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Klarinet Archive - Posting 000078.txt from 1994/01

From: Jay Heiser <jayh@-----.COM>
Subj: Re: Tom Ascher's comments (the Sky is the limit!)
Date: Mon, 17 Jan 1994 13:11:10 -0500

-->When someone says that to me, I grab for my wallet, first thing. My
-->father once told me: "Son, you are going out into the world. And I
-->don't have much money to help you with, but I will give you some important
-->advice. Some day a man will come up to you with a pack of cards that
-->has an unbroken seal on it. He will be you $100 that the jack of spades
-->is going to leap out of the pack and squirt apple cider in your ear. Son,"
-->my father said, "don't take that bet because as God made little green apples,
-->you are going to get cider in your ear."

This is from the seen in "Guys & Dolls" wherein Nathan Detroit tries to talk Sky
Masterson into a sucker bet because he needs a grand. This is my all time
favorite musical and is a terrific show for doublers (all reed parts double).
Play the show if you get a chance.

one more comment below (on Vito)

-->Tom, I am not sure that people hear a difference between wooden and non
-->wooden clarinets because they think they are supposed to or because such
-->a difference exists. I have no pipeline to the infinite and only give
-->my opinion on the matter. But a counter opinion of "but wood clarinets
-->sound better to me" is not much of an advance over my argument. How is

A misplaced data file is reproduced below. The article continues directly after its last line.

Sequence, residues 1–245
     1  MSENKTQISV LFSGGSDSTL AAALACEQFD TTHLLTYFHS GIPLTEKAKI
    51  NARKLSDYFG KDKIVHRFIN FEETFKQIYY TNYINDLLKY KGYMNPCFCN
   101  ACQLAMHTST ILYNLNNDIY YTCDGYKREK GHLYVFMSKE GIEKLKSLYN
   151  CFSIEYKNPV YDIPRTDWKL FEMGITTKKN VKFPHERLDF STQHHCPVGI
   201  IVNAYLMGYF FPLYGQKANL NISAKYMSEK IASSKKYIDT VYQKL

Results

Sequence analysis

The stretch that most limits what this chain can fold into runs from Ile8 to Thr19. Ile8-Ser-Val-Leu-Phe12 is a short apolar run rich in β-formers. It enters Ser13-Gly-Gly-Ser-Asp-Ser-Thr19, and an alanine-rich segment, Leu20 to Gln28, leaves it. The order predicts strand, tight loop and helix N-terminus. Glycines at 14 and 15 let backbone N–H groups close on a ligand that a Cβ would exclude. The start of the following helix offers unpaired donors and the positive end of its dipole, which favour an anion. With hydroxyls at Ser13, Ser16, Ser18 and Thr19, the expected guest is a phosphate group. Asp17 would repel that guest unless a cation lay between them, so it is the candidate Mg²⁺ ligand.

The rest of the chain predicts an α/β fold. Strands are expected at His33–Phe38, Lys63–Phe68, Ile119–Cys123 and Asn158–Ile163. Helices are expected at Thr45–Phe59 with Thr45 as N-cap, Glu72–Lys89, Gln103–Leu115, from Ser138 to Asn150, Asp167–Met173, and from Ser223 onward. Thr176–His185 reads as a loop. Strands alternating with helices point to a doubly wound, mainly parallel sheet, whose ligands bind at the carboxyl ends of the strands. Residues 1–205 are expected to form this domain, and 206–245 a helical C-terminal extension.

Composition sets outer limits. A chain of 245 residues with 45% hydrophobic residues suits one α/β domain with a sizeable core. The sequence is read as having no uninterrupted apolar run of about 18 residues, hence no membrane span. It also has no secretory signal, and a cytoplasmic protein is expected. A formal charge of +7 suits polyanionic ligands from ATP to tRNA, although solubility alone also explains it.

-->that betterness measured? Can you detect that difference of quality in
-->a blind test? I assert you cannot and suggest that such a test can
-->certainly be arranged considering the clarinet faculty on this list.

Not having read those articles from the acoustics journals, I still don't
really know where the sound comes out of a clarinet. I still can't believe
that material makes NO difference. Try to imagine a clarinet made out of
dough or lined with fur. ;-)

I'm willing to accept that plastic is as good as or better than wood, but
what I'm not willing to accept is that a Vito is the same quality as a
Selmer or Buffet. The quality of any particular instrument might not be
completely obvious to a listener, but certainly the player experiences less
pleasure on cheap instruments than good ones. Vitos are good serviceable
horns, but they are not professional quality -- it has nothing to do with
the material.

I've played Vito saxes too -- they are OK, but not as good as the Bundy.
Vito flutes are pretty uninspiring too. I personally have no problems
accepting disparaging remarks about Vitos -- they are second string student
instruments and are no fun to play.

All the gardening catalogs have arrived.

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